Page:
Writing Art History Since 2002

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Franchise Johannesburg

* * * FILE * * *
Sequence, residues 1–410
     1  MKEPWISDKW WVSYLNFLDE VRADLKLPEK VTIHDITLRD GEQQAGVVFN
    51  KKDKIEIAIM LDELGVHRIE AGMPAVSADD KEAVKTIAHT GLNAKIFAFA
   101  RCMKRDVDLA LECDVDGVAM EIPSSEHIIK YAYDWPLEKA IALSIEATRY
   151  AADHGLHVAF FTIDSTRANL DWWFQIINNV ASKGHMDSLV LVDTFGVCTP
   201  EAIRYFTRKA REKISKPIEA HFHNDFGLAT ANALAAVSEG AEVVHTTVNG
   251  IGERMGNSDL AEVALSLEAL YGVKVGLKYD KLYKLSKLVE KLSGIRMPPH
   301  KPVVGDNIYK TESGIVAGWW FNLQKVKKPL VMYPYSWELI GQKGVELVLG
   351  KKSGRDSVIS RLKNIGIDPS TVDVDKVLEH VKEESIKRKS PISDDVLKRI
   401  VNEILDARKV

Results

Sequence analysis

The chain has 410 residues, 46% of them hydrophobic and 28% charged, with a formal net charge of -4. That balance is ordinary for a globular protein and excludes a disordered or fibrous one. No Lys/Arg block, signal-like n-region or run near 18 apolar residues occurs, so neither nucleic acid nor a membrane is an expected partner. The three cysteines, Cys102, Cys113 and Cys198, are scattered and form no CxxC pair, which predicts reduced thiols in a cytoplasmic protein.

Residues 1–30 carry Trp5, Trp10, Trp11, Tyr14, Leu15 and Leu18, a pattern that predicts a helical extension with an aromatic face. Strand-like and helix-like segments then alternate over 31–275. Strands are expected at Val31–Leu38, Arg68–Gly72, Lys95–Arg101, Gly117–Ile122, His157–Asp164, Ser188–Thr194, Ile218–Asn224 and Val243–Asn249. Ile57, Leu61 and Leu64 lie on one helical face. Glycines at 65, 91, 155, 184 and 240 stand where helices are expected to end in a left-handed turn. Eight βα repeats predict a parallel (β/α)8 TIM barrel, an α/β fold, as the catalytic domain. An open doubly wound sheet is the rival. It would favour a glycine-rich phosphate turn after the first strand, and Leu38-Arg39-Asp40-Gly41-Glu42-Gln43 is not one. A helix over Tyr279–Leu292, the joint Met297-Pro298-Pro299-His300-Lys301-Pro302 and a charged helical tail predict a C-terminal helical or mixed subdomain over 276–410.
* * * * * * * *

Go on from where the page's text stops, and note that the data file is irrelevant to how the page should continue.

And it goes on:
Forget about such sentimental notions as local diversity and rather embrace the more profound idea of global connectedness. That seems to be the message conveyed in this exhibition. In Theresa-Anne Mackintosh’s case, she has supplied us with a carefully constructed international vocabulary to decode that message. Hers is a fusion, similar to that of Takashi Murakami, Yoshitomo Nara and Tam Ochiai of Japanese pop art traditions, such as anime (animated cartoon films) and manga (Japanese strip cartoons/comics). These she combines with otaku (a form of Japanese geek sub-culture) and ‘Merry’ (the well-known Japanese teenage street fashion cult) in what can only be labelled as poku (the synthesis of pop and otaku). Typically, Mackintosh’s motives are naïve, fantasy and toy-like images used to communicate some of the primal conflicts in the human psyche, such as feelings of abandonment, loneliness and anxiety that accompany emergent, prepubescent sexuality. These feelings she tries to express (and contain) in the numerous ceramic baby-sculptures, grouped in a square, roped-in playpen in the middle of the gallery. Moving around this central installation is like creating an own maelstrom.In contrast, the figures and animals painted on the walls, completing Mackintosh’s installation in the gallery, appear rather detached. The literature on this type of poku maintains that the viewer is supposed to experience some sense of menace emanating from these creatures. Such a feeling, however, is curiously lacking in this exhibition. Sentiment and nostalgia would be a better description.Mackintosh’s installation is deliberately posited as a non-linear narrative, which is rather curious because of the phenomenal success Mackintosh achieved in her first (fully fledged narrative) installation, Jackie the Kid (2004). With that installation, Mackintosh accessed Julia Kristeva’s very interesting theoretical concept of “adolescence”, which, according to Kristeva, constitutes an “open psychic structure” that is predominantly influenced by mass media society. Mackintosh seems to be celebrating the emotion (or lack thereof) of immediate gratification, of a must have the toy mentality, over notions of conceptual creation and critical thinking.Ruan Hoffmann does the same in and with his ceramic plates, urns and pots, albeit in a rather self-conscious manner. Inscriptions on his plates read: “I draw, walk, sleep, think, eat, I read, I think about what might happen to me, I worry myself, then I, appear rather self-indulgent. Despite the fact that much of the catalogue essay is devoted to arguing the cross-over nature of Hoffmann’s art, it is a far cry from one of the irreverent inscriptions Grayson Perry, Turner Prize winner, put on one of his vessels: “Pottery is the new video.” In the final analysis, Hoffmann’s works remain decorative items. What he does achieve, very successfully, is undermining conventions of surface decoration with his imagery and commentary.If Mackintosh’s installation constitutes an act of appropriation of a global vocabulary, Hoffmann’s ceramics are acts of subversion of classical traditions in Chinese pottery. The two artists, whose work was presented as distinct solo projects, both connect well with the global art world.Wilhelm van Rensburg

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